As President Trump prepares for a summit with North Korean leader Kim Jung Un, many experts warn that it is pointless to negotiate with North Korea about its nuclear program. The United States tried twice before; each time, they claim, North Korea pocketed concessions, then cheated on its obligations.
Was North Korea solely to blame for the failure of the 1994 Agreed Framework and the Six Party Process pursued by the George W. Bush administration? In her recently defended dissertation, CISSM research associate Naoko Aoki concludes that the United States did not always follow through on its commitments because of domestic political constraints. That has two important policy implications. First, no one really knows whether North Korea would have honored its obligations if the United States had done likewise. Second, if Trump successfully brokers a deal, part of the challenge will be to sustain the political attention needed to ensure full compliance on both sides.
Aoki’s work received the 2018 Yamamoto-Scheffelin Endowment Prize for Dissertation Research. When announcing the award, CISSM Director Nancy Gallagher said it “made an important contribution to scholarly understanding of the effects of domestic political dynamics on the implementation of cooperative agreements.” Senior Fellow I.M. “Mac” Destler praised Aoki’s findings, too: “Considering the present trajectory of U.S. policy in North Korea, the work is particularly timely.”
Aoki sought to explain why the United States did not always fulfill its commitments by analyzing subcases during implementation of the Agreed Framework and the Six Party process when North Korea was in full compliance as well as ones when it was not. She used historical documents; speeches, memoirs, and interviews with key players; and insights gained while covering the Six Party talks as a Beijing correspondent for Kyodo News, a leading Japanese news agency, from 2004 through 2009. She found that U.S. domestic politics interfered with smooth implication in multiple ways that could not be explained solely as a reaction to North Korean malfeasance. (View the full dissertation, “The Domestic Politics of Implementation” A Case Study of U.S. Denuclearization Agreements with North Korea.”)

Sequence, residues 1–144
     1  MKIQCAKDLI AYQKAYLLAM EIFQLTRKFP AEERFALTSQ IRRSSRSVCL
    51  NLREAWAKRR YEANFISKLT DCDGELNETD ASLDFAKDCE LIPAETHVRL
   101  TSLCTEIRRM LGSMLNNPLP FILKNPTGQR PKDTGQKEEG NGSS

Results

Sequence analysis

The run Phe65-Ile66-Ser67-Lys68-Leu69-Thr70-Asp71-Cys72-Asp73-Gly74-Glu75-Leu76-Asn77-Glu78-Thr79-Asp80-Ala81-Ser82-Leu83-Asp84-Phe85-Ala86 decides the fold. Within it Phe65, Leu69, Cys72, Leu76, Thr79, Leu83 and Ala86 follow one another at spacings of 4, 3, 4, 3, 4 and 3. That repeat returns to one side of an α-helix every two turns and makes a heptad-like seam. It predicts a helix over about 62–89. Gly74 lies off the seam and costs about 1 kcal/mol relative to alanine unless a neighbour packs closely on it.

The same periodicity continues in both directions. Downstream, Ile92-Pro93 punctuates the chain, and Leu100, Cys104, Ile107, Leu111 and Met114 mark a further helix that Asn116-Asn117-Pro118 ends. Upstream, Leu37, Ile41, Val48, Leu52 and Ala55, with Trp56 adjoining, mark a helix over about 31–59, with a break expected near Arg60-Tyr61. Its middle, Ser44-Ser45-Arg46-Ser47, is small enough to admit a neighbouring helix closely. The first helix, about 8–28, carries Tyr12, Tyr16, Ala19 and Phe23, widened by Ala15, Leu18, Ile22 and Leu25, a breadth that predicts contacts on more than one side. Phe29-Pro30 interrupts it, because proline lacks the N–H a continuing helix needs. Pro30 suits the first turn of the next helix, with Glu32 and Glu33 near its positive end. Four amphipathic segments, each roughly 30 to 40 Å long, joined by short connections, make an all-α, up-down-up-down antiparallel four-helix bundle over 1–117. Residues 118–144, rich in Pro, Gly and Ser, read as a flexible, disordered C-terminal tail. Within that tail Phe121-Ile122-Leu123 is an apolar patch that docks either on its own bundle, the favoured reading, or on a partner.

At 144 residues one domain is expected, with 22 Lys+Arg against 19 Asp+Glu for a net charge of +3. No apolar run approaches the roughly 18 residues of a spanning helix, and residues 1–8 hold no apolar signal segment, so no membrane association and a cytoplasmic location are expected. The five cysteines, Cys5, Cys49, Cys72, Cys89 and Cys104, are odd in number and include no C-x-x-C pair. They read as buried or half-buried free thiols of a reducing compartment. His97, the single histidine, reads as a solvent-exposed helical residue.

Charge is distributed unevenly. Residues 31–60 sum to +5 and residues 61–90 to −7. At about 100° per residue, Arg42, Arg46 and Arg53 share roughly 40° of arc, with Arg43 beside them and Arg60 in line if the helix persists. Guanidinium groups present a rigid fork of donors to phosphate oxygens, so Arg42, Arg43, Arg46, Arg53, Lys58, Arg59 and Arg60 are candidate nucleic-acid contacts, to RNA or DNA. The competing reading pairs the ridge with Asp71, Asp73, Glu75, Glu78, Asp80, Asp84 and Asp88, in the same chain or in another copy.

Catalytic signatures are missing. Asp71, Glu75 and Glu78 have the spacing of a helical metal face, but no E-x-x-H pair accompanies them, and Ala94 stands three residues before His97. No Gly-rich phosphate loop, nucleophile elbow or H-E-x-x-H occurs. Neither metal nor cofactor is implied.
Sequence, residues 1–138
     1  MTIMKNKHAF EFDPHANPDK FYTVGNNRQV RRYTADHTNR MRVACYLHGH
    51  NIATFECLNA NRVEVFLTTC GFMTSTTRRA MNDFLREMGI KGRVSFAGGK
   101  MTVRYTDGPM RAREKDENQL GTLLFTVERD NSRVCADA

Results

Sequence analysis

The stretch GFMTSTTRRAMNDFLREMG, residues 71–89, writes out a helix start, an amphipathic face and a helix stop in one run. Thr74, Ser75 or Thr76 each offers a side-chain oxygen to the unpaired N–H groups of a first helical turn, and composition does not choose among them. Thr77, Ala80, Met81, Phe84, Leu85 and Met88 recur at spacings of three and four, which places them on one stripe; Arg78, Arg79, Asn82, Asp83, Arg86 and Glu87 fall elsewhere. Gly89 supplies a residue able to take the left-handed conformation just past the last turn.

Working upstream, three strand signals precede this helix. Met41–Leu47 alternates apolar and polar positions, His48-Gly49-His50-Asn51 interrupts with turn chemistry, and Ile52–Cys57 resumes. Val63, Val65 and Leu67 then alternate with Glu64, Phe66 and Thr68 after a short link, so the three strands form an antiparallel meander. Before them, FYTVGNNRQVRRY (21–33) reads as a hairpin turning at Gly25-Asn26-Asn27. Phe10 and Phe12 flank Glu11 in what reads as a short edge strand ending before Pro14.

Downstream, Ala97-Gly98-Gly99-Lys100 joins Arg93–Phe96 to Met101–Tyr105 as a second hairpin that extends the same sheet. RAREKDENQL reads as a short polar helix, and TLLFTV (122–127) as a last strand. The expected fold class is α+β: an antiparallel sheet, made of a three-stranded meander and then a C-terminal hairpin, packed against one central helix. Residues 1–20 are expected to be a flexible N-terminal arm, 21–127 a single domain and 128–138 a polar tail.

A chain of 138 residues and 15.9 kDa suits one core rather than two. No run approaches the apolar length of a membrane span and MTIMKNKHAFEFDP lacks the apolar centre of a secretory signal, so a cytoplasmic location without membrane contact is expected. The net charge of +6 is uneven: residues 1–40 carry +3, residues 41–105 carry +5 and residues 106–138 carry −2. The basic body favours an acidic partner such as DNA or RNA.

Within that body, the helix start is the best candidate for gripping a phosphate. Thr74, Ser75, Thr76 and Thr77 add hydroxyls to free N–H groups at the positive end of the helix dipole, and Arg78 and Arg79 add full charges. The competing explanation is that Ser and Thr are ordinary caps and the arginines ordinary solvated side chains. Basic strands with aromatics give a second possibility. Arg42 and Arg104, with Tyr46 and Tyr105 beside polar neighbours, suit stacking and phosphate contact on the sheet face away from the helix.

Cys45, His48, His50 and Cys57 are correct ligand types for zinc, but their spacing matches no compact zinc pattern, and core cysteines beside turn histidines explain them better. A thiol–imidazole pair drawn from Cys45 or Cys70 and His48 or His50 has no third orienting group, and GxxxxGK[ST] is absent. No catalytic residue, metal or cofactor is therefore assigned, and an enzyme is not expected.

The Yamamoto-Scheffelin Endowment for Dissertation Research was founded by former School of Public Policy doctoral student and current CISSM Research Scholar Marianna Yamamoto and her husband Cliff Yamamoto in honor of their parents. Past winners of the endowment’s dissertation prize include Nancy Hayden, and current CISSM Research Scholars Jaganath Sankaran, Charles Harry, and Ebrahim Mohseni.
Aoki is currently also an adjunct Fellow at the Pacific Forum, and will be a Stanton Nuclear Security Fellow at the RAND Corp for the 2018-2019 term.